New techniques, ideas and principles i'd never been exposed to or heard of (despite doing a lot of research) all appeared in the course and gave a steep learning curve. There is no way i could have self-assessed stuff like that as i wasn't even aware of a lot of it. For an objective view on the standards and all skills required i think you really do need an impartial observation from an instructor who can teach the course you're interested in.
As far as the course itself went, one hell of a work out over a week and at times extremely humbling when it came to the skills and execution of them.
 

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Just not enough dive time.
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I was chatting to someone last week who said that they were planning on doing a tech course but weren't sure that their skills were up to the required standard to start the course.

This got me thinking. With all the course reports on YD it can seem that you have to be some kind of dive god just to start a tech course. This isn't true. Courses are intended to teach you the skills you need in order to do the diving at that level.

So I've decided to run some check out dives for anyone thinking if doing a course with me. Wednesday evenings at Wraysbury are a nice easy time and place to do this. So each Wednesday afternoon/evening in May I will be doing some check out dives.

The check out dives will give you a chance to try me out as an instructor and find out if I'm the right instructor for you. You can ask any questions you might have about the course. I will also give you some feedback on whether you are at the right level to start whatever course you are looking to do and how you can practice in the mean time.

If you want to come along then just let me know.
Nice idea Mark. I'd like to come down one evening if I get a half chance, I'm thinking of doing Advanced Nitrox and deco (next), be good to have a shake down beforehand.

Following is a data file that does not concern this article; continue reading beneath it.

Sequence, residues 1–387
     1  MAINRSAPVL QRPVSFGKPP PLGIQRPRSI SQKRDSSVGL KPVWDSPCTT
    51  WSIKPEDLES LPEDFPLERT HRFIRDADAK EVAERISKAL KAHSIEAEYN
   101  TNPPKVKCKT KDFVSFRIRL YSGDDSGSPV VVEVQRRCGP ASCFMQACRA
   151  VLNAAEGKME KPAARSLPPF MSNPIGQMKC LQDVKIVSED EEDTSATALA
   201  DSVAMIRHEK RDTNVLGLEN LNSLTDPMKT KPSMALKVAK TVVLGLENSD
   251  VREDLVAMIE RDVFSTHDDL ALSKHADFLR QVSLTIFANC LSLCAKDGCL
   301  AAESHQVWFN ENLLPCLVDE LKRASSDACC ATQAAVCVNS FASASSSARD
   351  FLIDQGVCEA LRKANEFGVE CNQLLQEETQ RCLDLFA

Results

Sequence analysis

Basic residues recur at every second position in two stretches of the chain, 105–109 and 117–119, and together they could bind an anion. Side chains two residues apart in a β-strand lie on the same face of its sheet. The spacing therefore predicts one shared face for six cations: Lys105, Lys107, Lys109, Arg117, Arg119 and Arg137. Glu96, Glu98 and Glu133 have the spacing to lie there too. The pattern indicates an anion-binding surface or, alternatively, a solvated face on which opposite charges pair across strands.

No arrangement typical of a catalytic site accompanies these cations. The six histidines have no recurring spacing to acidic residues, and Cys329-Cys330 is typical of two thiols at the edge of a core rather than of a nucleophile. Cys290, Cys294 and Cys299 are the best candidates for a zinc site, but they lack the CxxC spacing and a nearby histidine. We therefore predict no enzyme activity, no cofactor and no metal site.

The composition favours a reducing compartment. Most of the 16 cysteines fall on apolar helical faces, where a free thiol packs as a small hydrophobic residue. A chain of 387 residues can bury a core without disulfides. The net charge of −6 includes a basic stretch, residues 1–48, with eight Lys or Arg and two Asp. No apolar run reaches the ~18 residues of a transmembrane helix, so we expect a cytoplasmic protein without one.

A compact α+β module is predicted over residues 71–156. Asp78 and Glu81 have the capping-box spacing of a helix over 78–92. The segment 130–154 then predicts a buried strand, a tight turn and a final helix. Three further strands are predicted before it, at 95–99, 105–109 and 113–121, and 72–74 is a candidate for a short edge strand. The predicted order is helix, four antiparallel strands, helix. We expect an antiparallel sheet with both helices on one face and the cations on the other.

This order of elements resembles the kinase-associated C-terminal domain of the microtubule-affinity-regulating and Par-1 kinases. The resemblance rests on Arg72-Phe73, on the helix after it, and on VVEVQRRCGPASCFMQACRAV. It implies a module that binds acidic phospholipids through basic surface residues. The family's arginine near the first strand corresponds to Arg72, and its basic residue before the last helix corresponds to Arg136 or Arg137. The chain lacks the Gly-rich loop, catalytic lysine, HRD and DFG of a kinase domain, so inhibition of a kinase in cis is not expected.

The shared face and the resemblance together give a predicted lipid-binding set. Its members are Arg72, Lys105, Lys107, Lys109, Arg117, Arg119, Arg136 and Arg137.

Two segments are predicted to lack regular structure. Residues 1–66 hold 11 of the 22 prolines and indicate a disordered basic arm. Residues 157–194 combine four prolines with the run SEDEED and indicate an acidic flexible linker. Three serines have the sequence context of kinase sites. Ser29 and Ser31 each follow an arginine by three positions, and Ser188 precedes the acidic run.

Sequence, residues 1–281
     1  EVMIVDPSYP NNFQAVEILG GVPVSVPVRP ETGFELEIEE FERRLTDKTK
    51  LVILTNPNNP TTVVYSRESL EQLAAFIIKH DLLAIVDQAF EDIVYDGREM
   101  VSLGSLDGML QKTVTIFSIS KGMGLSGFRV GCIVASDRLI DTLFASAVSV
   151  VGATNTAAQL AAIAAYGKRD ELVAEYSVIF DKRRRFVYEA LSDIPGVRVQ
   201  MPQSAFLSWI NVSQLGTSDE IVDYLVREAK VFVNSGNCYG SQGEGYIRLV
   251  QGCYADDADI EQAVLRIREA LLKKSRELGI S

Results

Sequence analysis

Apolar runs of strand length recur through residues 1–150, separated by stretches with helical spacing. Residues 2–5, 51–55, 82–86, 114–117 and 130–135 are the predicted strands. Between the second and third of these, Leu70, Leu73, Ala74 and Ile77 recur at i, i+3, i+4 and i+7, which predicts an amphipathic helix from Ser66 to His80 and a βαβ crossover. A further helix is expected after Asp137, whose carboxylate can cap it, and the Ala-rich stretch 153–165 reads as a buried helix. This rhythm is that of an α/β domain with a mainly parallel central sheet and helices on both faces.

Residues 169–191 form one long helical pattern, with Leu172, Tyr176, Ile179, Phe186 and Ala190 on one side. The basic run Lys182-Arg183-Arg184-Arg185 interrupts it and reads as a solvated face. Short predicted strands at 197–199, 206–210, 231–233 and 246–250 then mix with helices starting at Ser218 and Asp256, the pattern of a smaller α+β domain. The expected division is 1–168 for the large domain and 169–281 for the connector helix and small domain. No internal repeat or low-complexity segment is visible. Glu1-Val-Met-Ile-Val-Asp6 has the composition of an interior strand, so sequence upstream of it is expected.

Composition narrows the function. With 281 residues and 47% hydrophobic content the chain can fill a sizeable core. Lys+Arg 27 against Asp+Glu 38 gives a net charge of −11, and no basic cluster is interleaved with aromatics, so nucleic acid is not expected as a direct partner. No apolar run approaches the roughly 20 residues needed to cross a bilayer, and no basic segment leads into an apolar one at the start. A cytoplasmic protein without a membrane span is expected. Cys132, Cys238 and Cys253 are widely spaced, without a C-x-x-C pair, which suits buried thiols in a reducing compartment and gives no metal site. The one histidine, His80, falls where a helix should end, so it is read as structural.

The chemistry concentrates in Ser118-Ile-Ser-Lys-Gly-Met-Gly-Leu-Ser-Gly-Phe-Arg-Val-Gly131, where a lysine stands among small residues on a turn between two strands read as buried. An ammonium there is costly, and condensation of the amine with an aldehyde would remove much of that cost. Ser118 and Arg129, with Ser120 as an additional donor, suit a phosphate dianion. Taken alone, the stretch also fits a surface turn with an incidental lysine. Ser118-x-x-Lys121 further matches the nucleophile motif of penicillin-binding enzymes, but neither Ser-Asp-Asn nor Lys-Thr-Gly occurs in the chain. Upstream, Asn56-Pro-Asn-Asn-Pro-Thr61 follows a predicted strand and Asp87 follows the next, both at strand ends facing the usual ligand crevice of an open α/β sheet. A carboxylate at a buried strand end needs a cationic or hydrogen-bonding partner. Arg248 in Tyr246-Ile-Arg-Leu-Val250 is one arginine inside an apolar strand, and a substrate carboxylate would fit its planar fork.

Matt
 

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Proud to be "small minded" in the face of credulit
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Hi Mark,

I think you're on a slippery slope. The next thing will be pre-course workshops, than formalising the workshops as most people need a skills brush up bfore the real thing... sounds like how GUE's Fundamentals came about!

Having said that, I think it's a very good idea for many reasons. Good luck!

Regards,

Mark
 

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A Moderate from 04/01/07-24/12/12
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I think Mark's idea is first rate within the context offered.Speaking as someone who has gone through the whole "how was my this?" & "how was my that?", nothing gives better feedback than an instructor armed with a video. Not because the instructor cannot explain a fault or improvement, but that the student's own perception is normally removed from the reality of the situation ... video helps overcome that...well for me at least.

I woild say also that it's easy to get hung up on the whole "looking good thing" and forgetting to enjoy the diving.

Mal
 

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Mark,
You are a brave man, voluntarily putting yourself through The Ego Has Landed experiences for nothing. I'd quite like to sign up for one of these, except I've already booked myself on one of your courses: what happens if I turn up at Wraysbury on a Wednesday and you tell me I should restrict my aquatic activities to nothing more technical than supervised snorkelling tours in Sharm?

I suspect that were I to participate in this my ego would indeed land - in a silty, body shaped hole at the bottom of the lake.

alice